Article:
iiNet Labs fathers BoB Lite


National broadband company iiNet has extended its popular BoB integrated ADSL router product line with what it has billed as the first product to come out of its new in-house development labs — a younger sibling dubbed BoB Lite.

The device sports an ADSL port, four Ethernet LAN ports, a port for a telephone to connect to its in-built internet telephony line (VoIP) and even two USB ports to connect USB storage or a 3G modem to add to its in-built functionality. A PSTN failover port is also included to alleviate any downtime on iiNet’s VoIP service, iiTalk.

The device supports the 802.11n wireless standard, as well as the legacy 802.11b and g options, but only offers 100Mbps speeds instead of the higher-speed gigabit Ethernet that has become popular over the past few years.

Additionally, it supports the TR-069 standard for easy provisioning by iiNet, and allows users to use iiNet’s Fetchtv IPTV offering — which had previously been limited to those owning the bigger standard BoB device.

A spokesperson for the company wouldn’t disclose which company had manufactured the device — the previous BoB was built in partnership with Belkin — but said the device was 100 percent designed, developed and distributed internally, with manufacturing outsourced to multiple factories.

Perhaps one of the biggest differences between the old BoB and BoB Lite is the price. According to iiNet’s web site, the old model costs $269 on a 24 month contract, or $369 stand-alone, compared with $69 and $99 respectively for the BoB Lite.

iiNet general manager of its Business division, Stephen Harley, claimed the newly-introduced modem was more competitive than any other product on the market. Moreover, he said BoB Lite was only the start of a future of products to be developed by the company’s research labs.

The original BoB has been a runaway success for iiNet, with the company stating in February that it was at the time selling about 4,000 units per month. The device was launched in mid-August 2009 and had sold over 21,000 units by February, representing 85 percent of all modem sales by iiNet over the period.

Image credit: iiNet


  1. Gigabit Ethernet on a home grade device, hilarious.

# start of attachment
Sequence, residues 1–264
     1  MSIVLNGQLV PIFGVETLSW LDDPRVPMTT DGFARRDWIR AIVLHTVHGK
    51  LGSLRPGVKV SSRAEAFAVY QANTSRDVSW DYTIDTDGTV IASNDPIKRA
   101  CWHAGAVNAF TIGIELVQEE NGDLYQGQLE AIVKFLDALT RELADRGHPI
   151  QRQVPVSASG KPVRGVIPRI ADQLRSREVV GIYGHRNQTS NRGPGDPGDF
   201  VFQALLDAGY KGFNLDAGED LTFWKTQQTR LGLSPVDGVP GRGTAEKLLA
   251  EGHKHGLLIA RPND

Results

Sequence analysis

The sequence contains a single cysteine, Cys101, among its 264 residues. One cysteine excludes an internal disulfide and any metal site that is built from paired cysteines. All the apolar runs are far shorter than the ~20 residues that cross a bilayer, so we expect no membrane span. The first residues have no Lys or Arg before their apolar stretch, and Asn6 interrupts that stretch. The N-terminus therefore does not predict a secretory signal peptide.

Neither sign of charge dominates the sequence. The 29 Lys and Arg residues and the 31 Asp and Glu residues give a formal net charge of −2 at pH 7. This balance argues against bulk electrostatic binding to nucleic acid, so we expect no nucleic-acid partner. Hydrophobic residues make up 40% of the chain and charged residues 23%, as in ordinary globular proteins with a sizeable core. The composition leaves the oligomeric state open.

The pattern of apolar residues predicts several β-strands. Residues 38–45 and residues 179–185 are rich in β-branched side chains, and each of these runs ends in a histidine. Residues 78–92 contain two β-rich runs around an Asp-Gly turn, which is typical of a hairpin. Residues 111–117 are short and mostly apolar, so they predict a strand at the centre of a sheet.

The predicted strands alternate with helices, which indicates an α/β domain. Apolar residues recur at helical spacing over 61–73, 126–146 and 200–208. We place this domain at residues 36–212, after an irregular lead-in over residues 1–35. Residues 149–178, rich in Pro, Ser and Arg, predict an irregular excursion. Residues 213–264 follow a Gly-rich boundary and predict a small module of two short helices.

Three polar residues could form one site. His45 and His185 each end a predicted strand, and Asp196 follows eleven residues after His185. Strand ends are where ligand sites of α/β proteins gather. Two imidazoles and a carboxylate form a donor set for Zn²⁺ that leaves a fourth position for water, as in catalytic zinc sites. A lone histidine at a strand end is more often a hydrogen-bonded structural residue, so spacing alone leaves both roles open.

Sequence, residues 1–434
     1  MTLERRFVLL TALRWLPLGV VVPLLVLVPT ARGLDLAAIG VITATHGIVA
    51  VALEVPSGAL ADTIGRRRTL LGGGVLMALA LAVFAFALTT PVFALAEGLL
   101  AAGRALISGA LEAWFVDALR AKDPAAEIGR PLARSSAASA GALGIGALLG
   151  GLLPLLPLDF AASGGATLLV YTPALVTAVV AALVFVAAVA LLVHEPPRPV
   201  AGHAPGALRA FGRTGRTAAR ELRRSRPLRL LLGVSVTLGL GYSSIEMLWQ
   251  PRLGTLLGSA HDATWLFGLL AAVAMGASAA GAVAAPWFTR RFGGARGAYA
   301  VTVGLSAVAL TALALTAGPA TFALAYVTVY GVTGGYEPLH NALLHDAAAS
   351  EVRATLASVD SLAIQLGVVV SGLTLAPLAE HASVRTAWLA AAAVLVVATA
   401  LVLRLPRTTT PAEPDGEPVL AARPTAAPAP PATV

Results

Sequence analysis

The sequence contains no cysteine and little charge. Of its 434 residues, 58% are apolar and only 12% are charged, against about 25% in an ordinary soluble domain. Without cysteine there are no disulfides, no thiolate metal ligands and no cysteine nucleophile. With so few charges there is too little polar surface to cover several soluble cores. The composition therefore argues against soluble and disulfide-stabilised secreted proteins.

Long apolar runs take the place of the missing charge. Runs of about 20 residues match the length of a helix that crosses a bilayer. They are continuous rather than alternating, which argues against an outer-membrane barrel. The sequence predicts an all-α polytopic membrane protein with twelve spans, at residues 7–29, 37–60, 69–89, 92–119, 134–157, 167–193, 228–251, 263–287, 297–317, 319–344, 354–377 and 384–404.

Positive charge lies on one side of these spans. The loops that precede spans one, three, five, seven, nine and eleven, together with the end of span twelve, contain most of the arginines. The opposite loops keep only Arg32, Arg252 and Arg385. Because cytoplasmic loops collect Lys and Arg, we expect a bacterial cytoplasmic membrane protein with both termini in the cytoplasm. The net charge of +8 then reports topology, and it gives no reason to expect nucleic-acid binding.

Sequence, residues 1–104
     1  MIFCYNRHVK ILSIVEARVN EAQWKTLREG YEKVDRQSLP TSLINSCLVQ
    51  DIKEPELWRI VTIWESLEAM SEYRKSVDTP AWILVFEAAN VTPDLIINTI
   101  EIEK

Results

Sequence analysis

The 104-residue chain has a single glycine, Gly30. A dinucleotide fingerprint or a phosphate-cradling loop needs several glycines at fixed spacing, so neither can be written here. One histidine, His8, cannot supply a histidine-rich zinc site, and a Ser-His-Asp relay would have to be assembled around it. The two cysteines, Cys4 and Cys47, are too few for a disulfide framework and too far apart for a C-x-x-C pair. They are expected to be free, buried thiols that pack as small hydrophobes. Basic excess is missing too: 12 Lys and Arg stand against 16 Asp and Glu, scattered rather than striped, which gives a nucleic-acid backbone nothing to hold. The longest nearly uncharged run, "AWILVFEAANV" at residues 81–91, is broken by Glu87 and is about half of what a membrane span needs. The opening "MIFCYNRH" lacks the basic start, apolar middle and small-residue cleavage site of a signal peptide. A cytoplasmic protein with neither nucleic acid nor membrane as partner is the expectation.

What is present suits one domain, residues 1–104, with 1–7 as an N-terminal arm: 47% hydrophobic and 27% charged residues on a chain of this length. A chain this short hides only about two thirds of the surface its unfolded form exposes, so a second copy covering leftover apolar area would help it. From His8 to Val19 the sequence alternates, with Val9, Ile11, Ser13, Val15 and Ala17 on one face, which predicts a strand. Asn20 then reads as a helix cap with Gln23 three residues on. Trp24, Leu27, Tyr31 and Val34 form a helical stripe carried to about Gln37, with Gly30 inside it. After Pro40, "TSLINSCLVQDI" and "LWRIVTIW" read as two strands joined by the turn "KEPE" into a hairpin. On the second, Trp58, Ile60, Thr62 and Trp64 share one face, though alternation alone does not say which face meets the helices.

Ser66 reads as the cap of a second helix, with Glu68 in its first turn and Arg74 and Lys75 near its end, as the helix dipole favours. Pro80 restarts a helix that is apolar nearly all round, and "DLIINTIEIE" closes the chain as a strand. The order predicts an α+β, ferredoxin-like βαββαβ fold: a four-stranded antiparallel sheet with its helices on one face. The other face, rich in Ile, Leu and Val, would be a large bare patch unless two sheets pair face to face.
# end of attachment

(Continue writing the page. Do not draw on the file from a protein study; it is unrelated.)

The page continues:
don’t think you’ll be getting that without forking out for it. Node’s Fritz device has gigabit, at a price of $469…. doesnt quite seem worth it yet

  2. Gigabit?? We’re talking about connecting to an ISP via ADSL2+. I don’t think the lack of gigabit ethernet connectivity is going to be the bottleneck here.

    • Yes, in terms of the WAN port. However, gigabit ethernet is still useful in transferring files around the house, and many people use their ADSL modem as their internal switch (as I do).

  3. Get real, peeps. Gigabit is still high-end for most users, and with a price half that of the $180 quoted by pointzeroone above, you can’t expect those sorts of features.

    Bob and Bob lite are obviously pitched at the “I want hardware I can plug in and it just works” market, not the geeks like us who enjoy a challenge and can therefore get greater value for money (at least when you don’t count the hours we spend fiddling with our devices to get them to work _just_ the way we want).

    What I’d really like to see in fora like this is some user experience… reading around on the net was one of the things which turned me off Bob as the phone handsets were apparently useless (at least, according to those who could be bothered to post… which is probably not a representative sample). If this unit doesn’t have the handsets, that makes it a lot more attractive to my mind.

    Any _users_ out there want to share their views? (As opposed to people who want ten times the features for a tenth of the cost.)

  4. I have one. It works very well, and syncs slightly faster than my previous modem. I really like the storage server capability which enables all our family members to share a 1 TB hard disk connected via a USB port. There is also a second USB port than is behind a removable panel underneath it. I believe it is primarily for a 3G stick and I have not used it. I understand you can use these USB ports for power as well, e.g. to charge your mobile phone, although I have not tested this out.

    I would have liked it to support gigabit ethernet too, but there are only 4 wired ports anyway, and if I need gigabit I can always add an 8, 16 or 24 port gigabit switch. As another poster pointed out, it is an ADSL modem, so it really doesn’t need gigabit, as the ADSL speed is the bottleneck.

    I have Naked DSL, and so far VOIP works perfectly with the unit.

    It has a few annoyances, but they are minor
    – the lights on it are extremely faint and hard to see, and instead of having a separate light for each of the four wired connections, it has just one light that comes on if any of the wired ports is in use
    – It is quite large, much larger than any of my previous modems or routers, so takes up more wall, shelf or cupboard space.
    – the automatic setup didn’t work for me, but user experiences seem to have varied on this. I had a problem when I set it up, as in the Wireless section I wrongly ticked “enable wireless access point” and when you do this, it kills your internet access completely and even if you untick it and save the settings, there is no more internet until you reboot it. This caused me a lot of headaches and a dialogue with iiNet support. I eventually worked out what was happening and reported it to iiNet, and it may be fixed in a later firmware release.

  5. Has range and speed (runs PS3 through 3 walls) and no problems with voip (unlike previous Belkin-iinet modem used). The auto-setup did not work and passwords (login and voip) had to be entered manually. This modem is definitely good value.

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